Tuesday, June 12, 2007

Atonement by Ian McEwan (audio)

This was our most recent book club selection, though it seems that our book club will never meet to discuss this book.

Every attempt to read this left me uninterested. I decided to pick up the audio version of the book in an act of desperation. I spend at least an hour and half on the road every day, so I figured I could get it listened to in a week or so.

Point being, I listened to this. I didn't actually sit down and read it. I don't know if that matters, but anyway…

Overall, I didn't enjoy the book that much. The heavy wording doesn't seem appropriate for the rather simple storyline. A young girl with an over active imagination accuses an innocent man of a horrible crime. And for some reason that is never quite explained, everyone believes her, despite the lack of evidence. The most likely explanation is that it was a class issue, the child was from a well off family, the man she accused was the servant's son. The life of the person accused is ruined. He serves time and is then forced into the army. This takes place during WWII, I believe.

The book describes his life and the horrors he witnesses while in the army. Also, the reader learns about the life of the woman who loved him. They had one brief encounter before he was sent away. Being that she's the sister of the accuser, she cuts off her family and creates a life of her own as a nurse. She lives a lonely life, waiting for her lover to be free. One highlight of the book is the description of their passion and devotion to each other that continues during their time apart. It's a romance created by letters and ideas and desires because they never had the chance to act on their feelings for each other.

In the end, it is revealed that Briony finally realized that she had done and the harm she caused. But by then it was too late. Evidently she becomes a successful writer. There is one absurd passage in the book though where she submits her story and it's rejected. However, her rejection letter is accompanied by a long glowing review of what a remarkable writer she is. The letter contains numerous questions about what she's written, suggesting that maybe she focus on the consequences of the behavior in the story – the story is, of course, the story of what she thought she saw. The reviewer seems to be the one that points out to Briony the error in her beliefs, emphasizing that this story is a tale told by a confused child, not a recollection of an actual event.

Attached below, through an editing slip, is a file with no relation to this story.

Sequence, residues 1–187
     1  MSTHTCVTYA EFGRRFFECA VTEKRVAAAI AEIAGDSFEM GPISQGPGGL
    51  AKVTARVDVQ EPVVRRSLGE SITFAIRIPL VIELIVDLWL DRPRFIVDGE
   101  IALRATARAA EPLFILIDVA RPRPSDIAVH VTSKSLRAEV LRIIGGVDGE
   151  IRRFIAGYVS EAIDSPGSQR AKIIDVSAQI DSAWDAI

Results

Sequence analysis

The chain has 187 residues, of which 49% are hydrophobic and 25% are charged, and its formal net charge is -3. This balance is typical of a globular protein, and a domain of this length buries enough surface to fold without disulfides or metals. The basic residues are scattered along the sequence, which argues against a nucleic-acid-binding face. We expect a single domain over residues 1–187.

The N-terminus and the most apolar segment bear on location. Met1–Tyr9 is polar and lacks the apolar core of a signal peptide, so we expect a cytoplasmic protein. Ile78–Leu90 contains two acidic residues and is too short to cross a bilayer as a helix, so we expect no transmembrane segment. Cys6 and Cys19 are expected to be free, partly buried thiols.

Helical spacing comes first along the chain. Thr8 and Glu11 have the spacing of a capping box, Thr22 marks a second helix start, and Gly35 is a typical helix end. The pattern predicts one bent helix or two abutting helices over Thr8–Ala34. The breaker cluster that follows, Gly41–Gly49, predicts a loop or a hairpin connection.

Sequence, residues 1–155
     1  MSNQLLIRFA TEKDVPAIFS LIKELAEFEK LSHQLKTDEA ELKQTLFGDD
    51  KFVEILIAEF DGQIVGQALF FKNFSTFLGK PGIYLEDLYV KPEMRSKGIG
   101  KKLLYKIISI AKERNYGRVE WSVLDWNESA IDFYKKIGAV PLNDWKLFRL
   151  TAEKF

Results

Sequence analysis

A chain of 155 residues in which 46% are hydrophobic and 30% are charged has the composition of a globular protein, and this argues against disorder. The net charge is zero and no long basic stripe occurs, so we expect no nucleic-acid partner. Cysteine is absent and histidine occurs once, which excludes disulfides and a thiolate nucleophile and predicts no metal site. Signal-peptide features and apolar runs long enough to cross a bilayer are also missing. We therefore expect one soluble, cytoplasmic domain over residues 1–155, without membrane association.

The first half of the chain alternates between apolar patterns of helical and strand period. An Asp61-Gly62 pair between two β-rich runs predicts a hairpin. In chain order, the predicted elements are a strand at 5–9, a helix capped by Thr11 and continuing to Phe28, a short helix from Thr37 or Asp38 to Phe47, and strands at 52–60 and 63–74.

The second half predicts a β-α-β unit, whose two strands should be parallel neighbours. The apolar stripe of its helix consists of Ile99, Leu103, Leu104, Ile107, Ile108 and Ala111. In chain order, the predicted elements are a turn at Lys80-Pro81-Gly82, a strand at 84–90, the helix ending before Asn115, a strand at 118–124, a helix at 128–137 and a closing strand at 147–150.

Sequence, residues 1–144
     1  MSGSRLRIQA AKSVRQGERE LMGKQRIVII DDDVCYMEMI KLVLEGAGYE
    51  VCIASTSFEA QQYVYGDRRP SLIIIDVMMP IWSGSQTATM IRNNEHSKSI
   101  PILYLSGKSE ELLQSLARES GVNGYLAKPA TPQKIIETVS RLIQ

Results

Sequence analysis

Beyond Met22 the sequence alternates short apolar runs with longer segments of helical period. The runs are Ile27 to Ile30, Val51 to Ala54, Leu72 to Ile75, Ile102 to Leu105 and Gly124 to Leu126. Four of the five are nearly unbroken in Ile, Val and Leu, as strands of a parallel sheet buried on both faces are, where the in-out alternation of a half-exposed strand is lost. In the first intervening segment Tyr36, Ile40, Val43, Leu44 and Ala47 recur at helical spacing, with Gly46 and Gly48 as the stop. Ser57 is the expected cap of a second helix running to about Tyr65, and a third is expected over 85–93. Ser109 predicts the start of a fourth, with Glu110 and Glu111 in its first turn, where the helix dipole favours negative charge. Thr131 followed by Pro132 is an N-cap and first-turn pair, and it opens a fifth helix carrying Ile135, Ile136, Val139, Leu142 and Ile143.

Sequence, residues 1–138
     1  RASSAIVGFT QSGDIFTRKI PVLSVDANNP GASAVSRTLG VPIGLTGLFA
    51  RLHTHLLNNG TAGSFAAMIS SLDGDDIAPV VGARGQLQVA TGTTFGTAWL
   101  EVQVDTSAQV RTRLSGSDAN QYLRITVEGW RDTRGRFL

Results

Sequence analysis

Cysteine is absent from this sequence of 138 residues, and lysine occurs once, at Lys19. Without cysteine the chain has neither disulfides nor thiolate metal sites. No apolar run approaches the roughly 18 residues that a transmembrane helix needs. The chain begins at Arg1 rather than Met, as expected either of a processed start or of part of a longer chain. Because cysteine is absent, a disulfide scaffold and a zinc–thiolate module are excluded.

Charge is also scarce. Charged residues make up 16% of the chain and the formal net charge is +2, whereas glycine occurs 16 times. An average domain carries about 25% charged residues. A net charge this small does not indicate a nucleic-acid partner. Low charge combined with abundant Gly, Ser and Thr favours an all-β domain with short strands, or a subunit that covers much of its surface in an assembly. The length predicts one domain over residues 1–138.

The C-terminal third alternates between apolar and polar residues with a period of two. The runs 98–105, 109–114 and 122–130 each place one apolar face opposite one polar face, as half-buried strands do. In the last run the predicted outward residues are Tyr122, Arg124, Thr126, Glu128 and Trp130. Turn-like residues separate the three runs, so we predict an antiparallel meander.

The atonement though, as suggested by the title, never happens. It exists in wanting and hoping, but not in actuality. I felt defeated after listening to this. Since listening to this though, I've read another Ian McEwan book, which left me with a similar feeling. He's an excellent writer, but the stories are a bit rough to handle.

Good Omens

I finished reading this during a raging thunderstorm, while watching the Omen. It somehow seemed appropriate to read a hilarious story about the antiChrist while watching a rather stupid movie about the same subject.

After falling for the Sandman series, I'm trying to read the Neil Gaiman novels in order, so I started with this.

I thought it was funny. I enjoyed the bickering angel and demon. I loved the witch in the story. There were so many quotes about witches and angels that I wrote down from the book because I loved them. The bits about how "most books claim witches dance around naked, because most books about witches are written by men."

This is a very clever book. A very light hearted look at the powers of good and evil, the end of the world, and the influence of environment. The definitive take on nature versus nurture.

Stardust by Neil Gaiman (audio)

I listened to this while driving to and from Austin. It made the drive, which is usually such a beat down, seem short.

I really like that the book is read by the author because no one understands the characters of a book better than the author.

This is considered a fairy tale for adults. A young man goes off in search of a fallen star in hopes of winning the hand of the woman he loves. But along the way he learns many things about life and love.

There are several different storylines. Tristan isn't the only person seeking the fallen star. In the end the different storylines all mingle together as the characters try to claim the star.

It's a nice story. I do recommend it, this audio version in particular.

I also highly recommend the movie version of this story that recently came out.

Finished listening: June 12, 2007

Monday, June 11, 2007

The Road by Cormac McCarthy

Cormac McCarthy’s All the Pretty Horses is one of my favorite books. I finished No Country for Old Men in one night because I could not stop reading it. Suffice it to say, I’m a fan of his writing.